The great Isabel Allende--author of the much-heralded House of the Spirits and City of Beasts--is back. Her latest novel, The Japanese Lover, is a graceful account of the tragic events of World War II and the effect they had on everyday people's lives.
The book opens at Lark House, a San Francisco-based nursing home where Irina Bazili, a care worker, encounters Alma Belasco, a wealthy resident who asks for her help organizing her affairs. In the process, Irina meets Alma’s grandson, Seth, and the two form a bond as they discover that the last 70 years of Alma’s life are not what they have seemed.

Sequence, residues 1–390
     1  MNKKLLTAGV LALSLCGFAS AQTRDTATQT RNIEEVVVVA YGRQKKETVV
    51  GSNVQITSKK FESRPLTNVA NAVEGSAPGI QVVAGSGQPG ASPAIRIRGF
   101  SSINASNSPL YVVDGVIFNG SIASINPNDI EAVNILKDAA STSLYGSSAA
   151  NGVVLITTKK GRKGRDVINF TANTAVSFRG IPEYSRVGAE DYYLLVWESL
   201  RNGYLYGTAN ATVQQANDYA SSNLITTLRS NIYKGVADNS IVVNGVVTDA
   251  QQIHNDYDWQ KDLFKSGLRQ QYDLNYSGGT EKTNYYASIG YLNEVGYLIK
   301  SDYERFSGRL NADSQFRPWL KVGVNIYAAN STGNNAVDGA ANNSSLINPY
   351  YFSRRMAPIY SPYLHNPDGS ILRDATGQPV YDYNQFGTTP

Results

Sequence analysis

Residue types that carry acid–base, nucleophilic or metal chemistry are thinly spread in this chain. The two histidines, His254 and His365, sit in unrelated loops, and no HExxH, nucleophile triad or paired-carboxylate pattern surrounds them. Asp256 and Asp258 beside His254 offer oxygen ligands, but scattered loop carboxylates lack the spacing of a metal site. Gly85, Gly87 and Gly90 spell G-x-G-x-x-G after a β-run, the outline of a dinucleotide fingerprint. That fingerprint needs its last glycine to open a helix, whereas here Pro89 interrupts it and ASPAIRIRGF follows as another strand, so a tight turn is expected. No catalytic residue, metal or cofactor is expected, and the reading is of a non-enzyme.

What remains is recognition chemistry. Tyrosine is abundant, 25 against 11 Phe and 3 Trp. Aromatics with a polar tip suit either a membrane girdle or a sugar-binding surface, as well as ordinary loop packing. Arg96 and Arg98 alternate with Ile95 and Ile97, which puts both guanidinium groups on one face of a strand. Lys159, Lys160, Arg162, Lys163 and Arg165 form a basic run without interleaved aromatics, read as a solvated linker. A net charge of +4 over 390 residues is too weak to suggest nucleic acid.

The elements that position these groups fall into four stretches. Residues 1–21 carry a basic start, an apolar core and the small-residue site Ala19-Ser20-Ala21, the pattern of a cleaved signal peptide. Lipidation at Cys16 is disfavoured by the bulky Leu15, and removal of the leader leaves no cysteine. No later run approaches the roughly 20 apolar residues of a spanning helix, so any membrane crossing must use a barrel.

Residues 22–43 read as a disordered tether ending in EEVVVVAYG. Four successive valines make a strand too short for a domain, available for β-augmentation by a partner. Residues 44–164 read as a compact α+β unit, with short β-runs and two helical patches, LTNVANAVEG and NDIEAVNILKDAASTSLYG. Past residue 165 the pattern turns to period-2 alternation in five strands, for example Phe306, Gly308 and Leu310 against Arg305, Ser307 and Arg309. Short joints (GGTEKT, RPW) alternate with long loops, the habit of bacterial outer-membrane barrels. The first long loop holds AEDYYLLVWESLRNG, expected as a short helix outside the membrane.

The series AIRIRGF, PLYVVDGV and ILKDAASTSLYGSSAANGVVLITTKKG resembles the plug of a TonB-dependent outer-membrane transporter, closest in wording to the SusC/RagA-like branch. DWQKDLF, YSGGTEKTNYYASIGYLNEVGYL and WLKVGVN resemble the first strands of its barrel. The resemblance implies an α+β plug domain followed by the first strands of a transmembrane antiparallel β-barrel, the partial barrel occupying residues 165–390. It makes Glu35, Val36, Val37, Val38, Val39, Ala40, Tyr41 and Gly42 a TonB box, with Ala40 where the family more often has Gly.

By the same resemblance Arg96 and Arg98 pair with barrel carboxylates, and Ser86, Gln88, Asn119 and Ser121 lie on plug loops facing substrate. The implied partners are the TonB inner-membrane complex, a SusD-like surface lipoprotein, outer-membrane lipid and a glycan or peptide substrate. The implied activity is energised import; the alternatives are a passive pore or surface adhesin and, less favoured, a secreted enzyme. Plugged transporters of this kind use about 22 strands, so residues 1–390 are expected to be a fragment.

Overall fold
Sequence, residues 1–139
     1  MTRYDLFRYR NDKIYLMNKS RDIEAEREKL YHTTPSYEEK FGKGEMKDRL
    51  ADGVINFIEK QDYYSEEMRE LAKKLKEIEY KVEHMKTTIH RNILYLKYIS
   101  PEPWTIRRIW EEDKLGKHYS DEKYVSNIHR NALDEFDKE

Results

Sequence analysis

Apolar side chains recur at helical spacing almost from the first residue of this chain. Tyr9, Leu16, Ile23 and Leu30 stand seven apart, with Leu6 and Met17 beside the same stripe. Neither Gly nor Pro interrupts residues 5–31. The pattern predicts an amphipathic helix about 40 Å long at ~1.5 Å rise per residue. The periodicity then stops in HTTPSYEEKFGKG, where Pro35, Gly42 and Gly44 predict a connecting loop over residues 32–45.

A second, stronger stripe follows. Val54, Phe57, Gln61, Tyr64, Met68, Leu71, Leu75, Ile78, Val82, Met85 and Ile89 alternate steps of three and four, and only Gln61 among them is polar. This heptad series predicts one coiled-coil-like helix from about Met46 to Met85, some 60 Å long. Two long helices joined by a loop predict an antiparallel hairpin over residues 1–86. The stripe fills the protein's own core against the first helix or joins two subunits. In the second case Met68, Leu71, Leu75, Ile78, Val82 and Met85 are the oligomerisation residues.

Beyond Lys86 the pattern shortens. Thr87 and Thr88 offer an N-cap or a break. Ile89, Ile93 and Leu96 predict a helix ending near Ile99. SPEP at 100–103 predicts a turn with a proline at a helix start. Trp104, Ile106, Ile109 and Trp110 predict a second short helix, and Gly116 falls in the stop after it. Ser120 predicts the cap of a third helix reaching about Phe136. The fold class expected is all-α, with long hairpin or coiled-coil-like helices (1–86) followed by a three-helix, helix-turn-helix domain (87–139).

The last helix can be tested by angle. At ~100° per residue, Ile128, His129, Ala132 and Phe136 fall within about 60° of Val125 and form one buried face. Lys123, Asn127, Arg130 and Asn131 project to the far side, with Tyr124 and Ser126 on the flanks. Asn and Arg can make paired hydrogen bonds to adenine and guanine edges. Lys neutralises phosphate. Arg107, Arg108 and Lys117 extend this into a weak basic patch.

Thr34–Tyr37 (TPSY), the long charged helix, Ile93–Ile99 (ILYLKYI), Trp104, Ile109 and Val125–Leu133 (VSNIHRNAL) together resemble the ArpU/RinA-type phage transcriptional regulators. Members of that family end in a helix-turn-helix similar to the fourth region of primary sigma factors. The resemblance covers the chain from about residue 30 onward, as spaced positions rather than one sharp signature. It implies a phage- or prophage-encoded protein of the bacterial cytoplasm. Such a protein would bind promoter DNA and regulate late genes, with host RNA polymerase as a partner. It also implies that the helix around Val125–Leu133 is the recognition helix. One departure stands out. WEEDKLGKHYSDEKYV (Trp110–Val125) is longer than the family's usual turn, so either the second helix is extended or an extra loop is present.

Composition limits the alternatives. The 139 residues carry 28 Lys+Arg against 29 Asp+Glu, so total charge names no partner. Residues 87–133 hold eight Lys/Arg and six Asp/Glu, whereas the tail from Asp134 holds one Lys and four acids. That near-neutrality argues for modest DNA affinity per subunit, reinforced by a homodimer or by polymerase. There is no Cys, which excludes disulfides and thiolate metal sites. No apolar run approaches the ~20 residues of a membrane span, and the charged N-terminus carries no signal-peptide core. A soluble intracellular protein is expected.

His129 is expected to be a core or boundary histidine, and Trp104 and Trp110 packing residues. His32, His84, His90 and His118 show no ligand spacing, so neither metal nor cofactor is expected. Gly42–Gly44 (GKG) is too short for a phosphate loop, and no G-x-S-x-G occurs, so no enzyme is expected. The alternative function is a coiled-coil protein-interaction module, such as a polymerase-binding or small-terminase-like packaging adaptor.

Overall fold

Flash back to 1939, when Alma’s parents sent her to live with her rich aunt and uncle in San Francisco, just as Poland was about to be invaded by Nazis. Alma befriends--and falls in love with--Ichimei Fukuda, the kindhearted son of the family’s Japanese gardener. But the attack on Pearl Harbor tears the two apart, thus beginning a heart-wrenching love affair that the two are forced to keep secret for decades.
Allende is known for magical realism, and while The Japanese Lover may depart from her typical fiction in that regard (it cleaves closely to events that could have taken place), it’s still rich with lyrical prose and compelling plot turns. This is Allende at her very best.